Sunday, November 25, 2012
Today, we try to create economic growth rapid enough to give people standard 40-hour jobs. With work-time choice, we would try to create growth rapid enough to give people the number of work hours that they actually want.
Today, the economy must grow rapidly, whether or not people want more products, purely to create more 40-hour jobs. With work-time choice, people would work enough to buy the products they want, and then they could stop.
Our economic debate usually focuses solely on inflation and unemployment, technical questions that only economists can deal with. We also need to ask the underlying human question: What is the economy for?
Obviously, the purpose of the economy is to produce things that people actually want.
Everyone realizes this when they talk about work that we do for ourselves. We do the job of patching the roof because we want to keep the rain from coming in, for example, and when we have accomplished that goal, we stop. We do not keep tearing up the roof and patching it again and again in order to “create jobs” for ourselves.
But when it comes to the formal economy, we become totally mystified, and we believe that there is a benefit to “creating jobs.” We do not work to produce the things that we want to consume. Instead, we believe we must produce and consume more things to create work.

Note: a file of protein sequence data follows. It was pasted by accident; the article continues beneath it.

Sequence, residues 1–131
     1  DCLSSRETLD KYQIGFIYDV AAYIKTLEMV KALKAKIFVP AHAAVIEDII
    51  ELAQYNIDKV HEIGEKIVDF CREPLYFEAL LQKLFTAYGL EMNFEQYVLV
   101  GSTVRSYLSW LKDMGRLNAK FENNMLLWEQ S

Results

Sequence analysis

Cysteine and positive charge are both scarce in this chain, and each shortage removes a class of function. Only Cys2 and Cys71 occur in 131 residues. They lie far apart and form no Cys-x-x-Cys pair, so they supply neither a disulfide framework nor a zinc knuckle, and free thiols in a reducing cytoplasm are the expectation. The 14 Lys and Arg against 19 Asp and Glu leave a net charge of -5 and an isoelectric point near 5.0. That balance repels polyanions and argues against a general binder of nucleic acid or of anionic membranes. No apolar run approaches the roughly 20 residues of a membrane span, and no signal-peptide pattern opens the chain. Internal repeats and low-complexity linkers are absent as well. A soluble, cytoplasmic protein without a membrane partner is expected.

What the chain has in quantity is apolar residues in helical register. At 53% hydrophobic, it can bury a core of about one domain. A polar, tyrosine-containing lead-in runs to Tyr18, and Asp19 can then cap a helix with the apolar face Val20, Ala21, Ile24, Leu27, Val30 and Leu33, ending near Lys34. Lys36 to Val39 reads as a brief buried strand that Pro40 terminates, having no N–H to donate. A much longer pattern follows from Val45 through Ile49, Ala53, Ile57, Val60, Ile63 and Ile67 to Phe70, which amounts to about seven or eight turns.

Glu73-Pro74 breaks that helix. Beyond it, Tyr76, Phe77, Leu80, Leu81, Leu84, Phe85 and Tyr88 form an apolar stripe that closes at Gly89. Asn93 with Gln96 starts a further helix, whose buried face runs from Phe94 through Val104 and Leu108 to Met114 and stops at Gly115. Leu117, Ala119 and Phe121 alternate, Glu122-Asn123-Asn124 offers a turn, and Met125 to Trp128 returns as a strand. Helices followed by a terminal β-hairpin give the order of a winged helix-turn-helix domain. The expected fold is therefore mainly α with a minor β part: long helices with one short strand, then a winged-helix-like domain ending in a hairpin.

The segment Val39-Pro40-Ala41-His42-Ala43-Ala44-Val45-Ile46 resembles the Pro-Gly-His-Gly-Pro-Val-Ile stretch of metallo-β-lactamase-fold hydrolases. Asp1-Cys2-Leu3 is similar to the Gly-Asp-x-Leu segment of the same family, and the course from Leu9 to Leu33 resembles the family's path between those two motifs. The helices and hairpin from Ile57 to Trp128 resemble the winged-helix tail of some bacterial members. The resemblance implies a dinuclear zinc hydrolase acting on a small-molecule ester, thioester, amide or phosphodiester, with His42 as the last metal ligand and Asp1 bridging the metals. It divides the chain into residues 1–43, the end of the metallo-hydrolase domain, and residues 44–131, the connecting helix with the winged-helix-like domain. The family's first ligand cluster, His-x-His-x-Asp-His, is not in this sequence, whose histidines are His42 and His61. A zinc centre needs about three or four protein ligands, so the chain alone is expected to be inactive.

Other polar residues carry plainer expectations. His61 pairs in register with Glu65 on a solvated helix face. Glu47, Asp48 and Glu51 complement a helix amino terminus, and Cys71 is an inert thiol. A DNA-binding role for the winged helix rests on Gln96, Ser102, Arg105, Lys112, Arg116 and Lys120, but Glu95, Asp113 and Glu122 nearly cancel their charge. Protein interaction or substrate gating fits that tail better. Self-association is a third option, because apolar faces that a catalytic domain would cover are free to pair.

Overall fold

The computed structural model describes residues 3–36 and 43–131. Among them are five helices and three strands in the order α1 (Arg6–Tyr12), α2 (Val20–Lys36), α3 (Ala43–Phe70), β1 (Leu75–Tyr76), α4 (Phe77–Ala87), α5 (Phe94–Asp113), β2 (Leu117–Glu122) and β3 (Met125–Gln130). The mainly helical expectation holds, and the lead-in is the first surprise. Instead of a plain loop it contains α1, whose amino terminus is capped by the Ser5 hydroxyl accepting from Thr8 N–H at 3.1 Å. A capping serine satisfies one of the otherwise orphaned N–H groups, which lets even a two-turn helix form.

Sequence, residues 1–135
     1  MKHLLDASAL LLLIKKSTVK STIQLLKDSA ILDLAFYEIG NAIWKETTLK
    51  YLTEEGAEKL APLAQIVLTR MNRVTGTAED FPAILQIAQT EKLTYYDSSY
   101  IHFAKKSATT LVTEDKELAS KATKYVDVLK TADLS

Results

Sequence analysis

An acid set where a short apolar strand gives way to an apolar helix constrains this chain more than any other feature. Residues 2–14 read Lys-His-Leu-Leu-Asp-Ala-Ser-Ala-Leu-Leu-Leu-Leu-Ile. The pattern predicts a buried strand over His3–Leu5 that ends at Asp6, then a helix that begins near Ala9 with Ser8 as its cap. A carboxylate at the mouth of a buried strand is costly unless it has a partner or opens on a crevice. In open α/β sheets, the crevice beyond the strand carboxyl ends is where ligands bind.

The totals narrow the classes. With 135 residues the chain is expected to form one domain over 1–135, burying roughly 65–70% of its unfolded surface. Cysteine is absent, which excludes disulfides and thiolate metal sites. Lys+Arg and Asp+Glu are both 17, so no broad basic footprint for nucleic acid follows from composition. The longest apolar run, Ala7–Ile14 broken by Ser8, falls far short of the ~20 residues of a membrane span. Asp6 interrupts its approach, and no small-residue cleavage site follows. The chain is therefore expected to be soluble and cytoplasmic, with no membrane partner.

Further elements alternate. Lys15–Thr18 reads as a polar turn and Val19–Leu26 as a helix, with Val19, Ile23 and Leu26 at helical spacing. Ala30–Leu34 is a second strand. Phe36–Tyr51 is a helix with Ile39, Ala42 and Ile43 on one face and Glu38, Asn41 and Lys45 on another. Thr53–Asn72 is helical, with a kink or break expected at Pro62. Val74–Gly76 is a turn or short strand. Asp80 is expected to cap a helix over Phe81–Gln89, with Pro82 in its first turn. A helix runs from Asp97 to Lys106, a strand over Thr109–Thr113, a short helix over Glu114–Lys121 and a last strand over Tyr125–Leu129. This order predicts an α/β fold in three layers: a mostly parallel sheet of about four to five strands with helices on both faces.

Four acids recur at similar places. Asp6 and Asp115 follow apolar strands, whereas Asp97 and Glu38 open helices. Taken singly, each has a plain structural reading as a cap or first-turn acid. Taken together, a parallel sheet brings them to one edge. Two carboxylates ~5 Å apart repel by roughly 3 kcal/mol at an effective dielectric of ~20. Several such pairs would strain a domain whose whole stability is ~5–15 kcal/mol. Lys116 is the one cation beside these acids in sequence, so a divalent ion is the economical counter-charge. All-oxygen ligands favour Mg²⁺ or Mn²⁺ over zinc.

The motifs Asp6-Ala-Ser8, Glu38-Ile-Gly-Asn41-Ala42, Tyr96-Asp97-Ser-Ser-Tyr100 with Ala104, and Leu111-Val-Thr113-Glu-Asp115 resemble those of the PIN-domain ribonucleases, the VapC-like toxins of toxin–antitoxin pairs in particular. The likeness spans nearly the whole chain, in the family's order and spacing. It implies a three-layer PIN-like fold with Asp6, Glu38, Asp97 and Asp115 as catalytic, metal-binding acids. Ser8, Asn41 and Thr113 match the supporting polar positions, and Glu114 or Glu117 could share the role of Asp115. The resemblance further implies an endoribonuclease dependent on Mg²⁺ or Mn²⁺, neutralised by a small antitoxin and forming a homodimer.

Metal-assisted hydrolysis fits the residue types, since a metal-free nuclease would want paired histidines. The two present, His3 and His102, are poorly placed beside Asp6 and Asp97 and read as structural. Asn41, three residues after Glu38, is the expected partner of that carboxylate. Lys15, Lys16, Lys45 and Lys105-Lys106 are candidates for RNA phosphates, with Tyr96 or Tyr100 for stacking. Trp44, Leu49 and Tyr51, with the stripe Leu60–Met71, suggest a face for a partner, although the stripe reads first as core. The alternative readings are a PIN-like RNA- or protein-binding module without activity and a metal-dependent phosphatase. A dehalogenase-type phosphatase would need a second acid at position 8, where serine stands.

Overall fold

If we thought about the human purpose of the economy, we would realize that in the formal economy, as in informal production for our own use, we should produce what we want to consume and then stop.
Economists have expert knowledge that lets them plan to control inflation, unemployment and other economic disruptions, but ordinary people are the ones who should decide how much they want to consume. The technical questions about inflation and unemployment, which only economists can answer, should be subordinate to the human question about what balance of consumption and free time gives you the most satisfying life. People should be able to answer this human question for themselves, by making decisions about their work hours that reflect the importance they give to more consumption and more free time.